Like this comment
Posted by Peter
a resident of Danville
on May 13, 2014 at 1:02 pm

Meanwhile, CC County is still considering allowing a massive new cemetery on Tassajara even though they have no idea where the water will come from to run this operation. And the city of San Ramon allows almost every massive development proposal. At the minimum, San Ramon, if they approve any new development, should allow only native landscaping that does not require irrigation.

Like this comment
Posted by GG
a resident of Danville
on May 13, 2014 at 1:26 pm

Hell hath done froze over.....I agree with Julia from Alamo.

Like this comment
Posted by Proud from San Ramon
a resident of San Ramon
on May 14, 2014 at 12:00 pm

The problem with this new blended Danville San Ramon express is that now San Ramon residents have to hear how inept and stupid we San Ramon residents are from people who don't even live here, and who presumably live in wonderfully perfect idyllic locations like Danville and Alamo where there are perfectly planned everything. I'm thinking Alamo has how many parks? how many pools? how many community centers? how many libraries? how many community theaters? how many play fields for their youth? how many senior centers? A robust and thriving City does have development, and many other services and amenities that go along with it.

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Posted by April
a resident of Danville
on May 14, 2014 at 12:19 pm

@Proud, agree with you. We live close to SR border and love what the combination of our two cities has to offer.

You are referring to Julia the Fool from Alamo, ignore her - she is a mess.

Like this comment
Posted by concerned for water
a resident of San Ramon
on May 15, 2014 at 6:33 am

what is the map(boundaries) for this initiative?

Like this comment
Posted by Ms. bunny
a resident of San Ramon
on May 15, 2014 at 7:38 am

The cemetery requires massive water? REALLY? -That's only if they employ grass everywhere as opposed to hardscape, some artificial turf, etc. I suspect it will be very conservative and a real boon aesthetically to the existing ugliness of Dougherty valley in general (sorry, but true - just one massive "wall to wall" development with LITTLE "breakup" of space)

I'd be and I am, more concerned about the water it's going to take to supply the new 740 homes on Faria in San Ramon...Remember: this development was approved long ago. Again I say, you can't trump the developer's right to build on their land, you can only mitigate factors involved therein. The city's hands are "tied" to some degree and that should be fairly obvious to most of you.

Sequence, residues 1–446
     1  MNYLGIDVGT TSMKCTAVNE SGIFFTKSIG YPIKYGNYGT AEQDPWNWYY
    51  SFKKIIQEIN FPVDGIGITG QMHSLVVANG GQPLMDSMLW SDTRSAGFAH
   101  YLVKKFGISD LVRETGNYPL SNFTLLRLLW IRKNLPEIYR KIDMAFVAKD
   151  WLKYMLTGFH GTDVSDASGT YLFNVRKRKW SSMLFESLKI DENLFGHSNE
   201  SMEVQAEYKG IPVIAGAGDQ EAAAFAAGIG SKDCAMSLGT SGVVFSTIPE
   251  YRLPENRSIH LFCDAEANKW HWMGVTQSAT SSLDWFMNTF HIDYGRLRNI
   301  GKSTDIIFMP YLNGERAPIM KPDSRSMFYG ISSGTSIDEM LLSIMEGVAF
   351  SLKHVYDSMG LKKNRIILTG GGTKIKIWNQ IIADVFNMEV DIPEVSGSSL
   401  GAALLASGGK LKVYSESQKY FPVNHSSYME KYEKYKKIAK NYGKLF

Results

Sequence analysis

BTW? I have no problem with "sister city" Danville citizens commenting. C'mon, we're all in one west valley here, aren't we? We share many of the same issues.

Like this comment
Posted by Shari
a resident of San Ramon
on May 15, 2014 at 5:10 pm

I would like to know how much water I am using now like by the day so I would have an idea how I am doing. Not wait a month to find out if I am over or under the restriction. Is that information somewhere? Thanks in advance.

Like this comment
Posted by tiki3
a resident of San Ramon
on May 15, 2014 at 6:54 pm

Shari, I'd like that, too.

Ms Bunny, after doing a quick search, it seems traditional cemeteries use more water than at least I suspected. Makes sense, though, considering how much grass there is. I did a search for "hardscape cemeteries" and wasn't too thrilled with what google had to offer. Could you post some links to some examples of what you have in mind?

Like this comment
Posted by Flylooper
a resident of Danville
on Jul 20, 2014 at 6:14 am

I recently (early June) visited my sister in Danville, driving down from my home in Oregon. I once lived in Dublin so I am not a stranger to the area. What absolutely floored me was how green everything was. People's lawns were uniformly manicured and lush, shrubbery was looking perfect, the Crow Canyon golf course was in perfect condition and, even, a few folks were washing their Audis in their driveway. How, I asked myself, do these people delude themselves into thinking the worst drought in California history has nothing to do with them? Good Lord, people! Wake up.

Aside from the outright ugliness of the cookie cutter housing and shopping malls which have evolved everywhere in that valley, it looks like the Tri Valley is ripe for looking like a bloody ghost town when the water finally runs out. Unrestricted development has done y'all in.

Like this comment
Posted by Flylooper
a resident of another community
on Jul 20, 2014 at 6:22 am

BTW, I'm not a resident of Danville. And don't want to be.

Sorry, but further commenting on this topic has been closed.